|Anyone who enjoys a good horror film (and slasher flicks in particular)|
should have a bloody good time with Wes Craven's Scream.
. . .
#1) A Nightmare on Elm Street (1984)
True story: the first A Nightmare on Elm Street is a genuine horror classic. A first-rate slasher flick needs a fearsome villain, right? Freddy is a demented icon, though later pictures would turn him into a bit of a clown. That doesn't matter, for A Nightmare on Elm Street doesn't require Freddy to play for laughs the whole time--he cracks wise here and there, but there's no doubt that he's out for blood. The Freddy that we meet in this landmark venture is vicious and creepy in equal measures. A classic horror flick needs an epic score, right? We've got one here. What about some grisly kills? The wicked mayhem that unfolds in this one is very creative and very, very bloody. We also need a good cast and a strong heroine (dudes can apply for the gig, but it typically works better when we give this part to a chick in slasher fare) to round things out, and once again, A Nightmare on Elm Street is firing on all cylinders. Hey look, it's John Saxon! We just raised the ante in a big way, folks. Yes, Wes Craven was at his very best as a director when he was at the helm for this smash hit, a picture that continues to scare audiences worldwide. It remains one of the best slasher flicks of all time--if not the very best. Only Halloween could present a legitimate challenge on that front. In fact, A Nightmare on Elm Street is so twisted and so expertly plotted that some might chafe at the fact that I've labelled it a slasher flick, but I love slasher flicks so I don't consider that to be a slight. Regardless, it's a big winner, and I have no problem giving this motion picture the highest of grades. Wes Craven was a great director and the horror genre won't be the same without him. A Nightmare on Elm Street was his finest motion picture, and it's a movie that will continue to haunt audiences for years to come.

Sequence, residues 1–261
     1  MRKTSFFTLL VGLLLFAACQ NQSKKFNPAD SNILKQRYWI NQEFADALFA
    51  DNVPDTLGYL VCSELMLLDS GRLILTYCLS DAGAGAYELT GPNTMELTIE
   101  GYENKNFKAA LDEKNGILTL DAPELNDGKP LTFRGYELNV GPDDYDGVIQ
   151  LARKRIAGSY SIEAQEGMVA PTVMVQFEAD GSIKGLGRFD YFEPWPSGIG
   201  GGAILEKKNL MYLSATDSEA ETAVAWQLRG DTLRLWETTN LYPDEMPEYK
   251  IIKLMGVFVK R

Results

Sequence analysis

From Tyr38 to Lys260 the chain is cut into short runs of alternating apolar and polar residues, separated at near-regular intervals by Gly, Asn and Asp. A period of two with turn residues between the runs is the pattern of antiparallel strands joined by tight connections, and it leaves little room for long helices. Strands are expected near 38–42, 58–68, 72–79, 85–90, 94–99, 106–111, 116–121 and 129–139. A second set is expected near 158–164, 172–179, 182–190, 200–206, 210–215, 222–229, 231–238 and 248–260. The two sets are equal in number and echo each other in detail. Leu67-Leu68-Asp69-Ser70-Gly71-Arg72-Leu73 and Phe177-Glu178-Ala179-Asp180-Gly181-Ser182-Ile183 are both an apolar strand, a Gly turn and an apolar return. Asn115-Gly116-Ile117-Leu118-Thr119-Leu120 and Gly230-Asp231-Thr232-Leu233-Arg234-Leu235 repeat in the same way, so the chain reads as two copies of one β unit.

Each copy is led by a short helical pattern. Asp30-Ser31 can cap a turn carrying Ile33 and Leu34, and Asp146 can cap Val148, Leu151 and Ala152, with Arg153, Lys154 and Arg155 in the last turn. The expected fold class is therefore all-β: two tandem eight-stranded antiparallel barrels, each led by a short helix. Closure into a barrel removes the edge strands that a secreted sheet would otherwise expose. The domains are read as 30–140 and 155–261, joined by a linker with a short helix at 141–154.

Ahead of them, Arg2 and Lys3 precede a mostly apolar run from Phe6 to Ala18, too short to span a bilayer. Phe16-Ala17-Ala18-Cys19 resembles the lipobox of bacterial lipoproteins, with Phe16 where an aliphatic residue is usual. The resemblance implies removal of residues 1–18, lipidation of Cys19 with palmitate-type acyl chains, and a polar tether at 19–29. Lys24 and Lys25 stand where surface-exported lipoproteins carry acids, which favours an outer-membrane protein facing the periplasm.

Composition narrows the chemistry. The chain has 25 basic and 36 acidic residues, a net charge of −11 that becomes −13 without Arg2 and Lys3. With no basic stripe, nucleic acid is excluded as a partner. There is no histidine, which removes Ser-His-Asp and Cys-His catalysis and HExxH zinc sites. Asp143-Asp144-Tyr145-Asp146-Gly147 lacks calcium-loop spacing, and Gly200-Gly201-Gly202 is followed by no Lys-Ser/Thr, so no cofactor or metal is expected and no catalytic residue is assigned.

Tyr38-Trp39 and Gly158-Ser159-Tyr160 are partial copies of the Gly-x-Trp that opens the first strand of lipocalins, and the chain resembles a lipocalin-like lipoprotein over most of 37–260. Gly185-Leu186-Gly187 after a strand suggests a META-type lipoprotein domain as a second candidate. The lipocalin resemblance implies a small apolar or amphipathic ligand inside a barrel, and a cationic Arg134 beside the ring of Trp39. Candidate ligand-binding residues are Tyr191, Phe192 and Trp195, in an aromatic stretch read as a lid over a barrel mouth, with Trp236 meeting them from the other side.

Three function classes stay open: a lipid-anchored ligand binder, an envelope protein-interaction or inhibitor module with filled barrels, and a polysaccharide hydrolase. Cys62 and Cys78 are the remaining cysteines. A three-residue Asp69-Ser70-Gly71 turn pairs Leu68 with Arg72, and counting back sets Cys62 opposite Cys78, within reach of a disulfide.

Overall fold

|Over 30 years after it was originally released, this legendary|
gem from Wes Craven is still giving horror fans nightmares.